About 4.9 million people applied for shares with a total value of US$12.5 billion. Institutional investors, who have until next Wednesday to submit bids.
Saudi Arabia’s state-owned oil company Aramco’s initial public offering has drawn US$44.3 billion in bids so far from institutional and retail investors, about 1.7 times the amount the government is seeking to raise as of Nov. 29.
Institutional book-building closes on Dec. 4, before the IPO’s final pricing the next day. The Saudi government plans to raise more than US$25 billion by selling a 1.5 percent stake in the company at a valuation of around US$1.7 trillion.
There may be a last-minute surge from institutional investors, but according to Bloomberg so far the share sale hasn’t been as well subscribed as some other IPOs in the country.
About 4.9 million people applied for shares with a total value of US$12.5 billion. Institutional investors, who have until next Wednesday to submit bids, have made subscriptions for around US$31 billion worth of shares, Samba Capital, one of the deal’s lead managers said.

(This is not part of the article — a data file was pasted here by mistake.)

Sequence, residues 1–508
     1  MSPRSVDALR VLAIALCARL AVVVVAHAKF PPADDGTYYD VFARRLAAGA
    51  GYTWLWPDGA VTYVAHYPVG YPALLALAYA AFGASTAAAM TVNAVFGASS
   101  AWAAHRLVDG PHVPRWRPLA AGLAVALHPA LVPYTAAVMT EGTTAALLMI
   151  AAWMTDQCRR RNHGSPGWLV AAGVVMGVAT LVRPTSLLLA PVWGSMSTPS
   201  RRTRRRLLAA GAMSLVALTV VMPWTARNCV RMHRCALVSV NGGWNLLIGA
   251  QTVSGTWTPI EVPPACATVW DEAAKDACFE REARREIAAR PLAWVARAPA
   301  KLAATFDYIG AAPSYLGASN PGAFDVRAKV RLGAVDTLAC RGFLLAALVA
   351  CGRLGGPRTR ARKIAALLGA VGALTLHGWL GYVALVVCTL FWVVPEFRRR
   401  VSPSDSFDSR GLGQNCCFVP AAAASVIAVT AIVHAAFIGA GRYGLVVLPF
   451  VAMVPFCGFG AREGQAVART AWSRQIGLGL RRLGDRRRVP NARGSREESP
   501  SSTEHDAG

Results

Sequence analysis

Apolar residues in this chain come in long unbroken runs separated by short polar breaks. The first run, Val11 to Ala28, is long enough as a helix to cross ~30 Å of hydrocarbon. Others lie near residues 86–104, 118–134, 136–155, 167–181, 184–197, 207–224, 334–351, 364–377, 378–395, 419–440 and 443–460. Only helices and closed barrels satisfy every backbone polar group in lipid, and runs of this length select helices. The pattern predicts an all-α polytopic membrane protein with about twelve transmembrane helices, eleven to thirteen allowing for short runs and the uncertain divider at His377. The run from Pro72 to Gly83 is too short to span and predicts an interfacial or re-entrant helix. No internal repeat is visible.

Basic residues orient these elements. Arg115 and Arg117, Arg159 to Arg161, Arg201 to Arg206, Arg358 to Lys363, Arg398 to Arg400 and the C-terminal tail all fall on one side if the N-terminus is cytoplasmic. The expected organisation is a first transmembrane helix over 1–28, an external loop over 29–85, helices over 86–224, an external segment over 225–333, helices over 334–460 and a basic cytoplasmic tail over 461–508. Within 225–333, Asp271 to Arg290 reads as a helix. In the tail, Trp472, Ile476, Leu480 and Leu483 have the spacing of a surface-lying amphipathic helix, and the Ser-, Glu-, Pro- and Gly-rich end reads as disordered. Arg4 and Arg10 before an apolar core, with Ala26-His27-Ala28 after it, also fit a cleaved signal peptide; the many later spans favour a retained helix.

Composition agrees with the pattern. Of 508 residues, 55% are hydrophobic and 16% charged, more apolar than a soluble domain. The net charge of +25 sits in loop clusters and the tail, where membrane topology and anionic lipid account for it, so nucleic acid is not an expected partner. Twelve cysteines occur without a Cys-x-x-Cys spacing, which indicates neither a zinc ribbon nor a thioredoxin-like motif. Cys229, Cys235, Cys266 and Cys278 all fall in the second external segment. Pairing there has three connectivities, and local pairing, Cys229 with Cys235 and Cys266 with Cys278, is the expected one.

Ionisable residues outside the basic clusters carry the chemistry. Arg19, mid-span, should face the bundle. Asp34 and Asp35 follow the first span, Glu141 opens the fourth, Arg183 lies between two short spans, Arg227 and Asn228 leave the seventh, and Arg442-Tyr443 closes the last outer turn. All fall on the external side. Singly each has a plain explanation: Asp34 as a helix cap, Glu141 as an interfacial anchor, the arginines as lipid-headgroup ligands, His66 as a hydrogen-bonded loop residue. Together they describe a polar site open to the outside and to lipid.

Of that, 10.5 percent came from non-Saudi investors. Aramco won’t sell its shares directly to investors in the United States and other markets, as the IPO will be restricted to Saudis and those foreign institutions permitted to invest in the kingdom’s stock market.
The upcoming sale of shares in the oil giant, whose formal name is Saudi Arabian Oil Co, comes about nine weeks after the crippling attacks on its oil facilities, underlining Saudi Arabia's determination to push on with the listing regardless.
Aramco said it does not expect the Sept. 14 attack, which targeted plants at the heart of Saudi Arabia's oil industry and initially halved its production, would have a material impact on its business, operations and financial condition.
The company accounted for about one in every eight barrels of crude oil produced globally from 2016 to 2018.
Its net income for the third quarter of 2019 amounted to US$21.1 billion, according to Reuters calculations, dwarfing the income for the same period of oil giants like Exxon Mobil Corp, which was just over US$3 billion.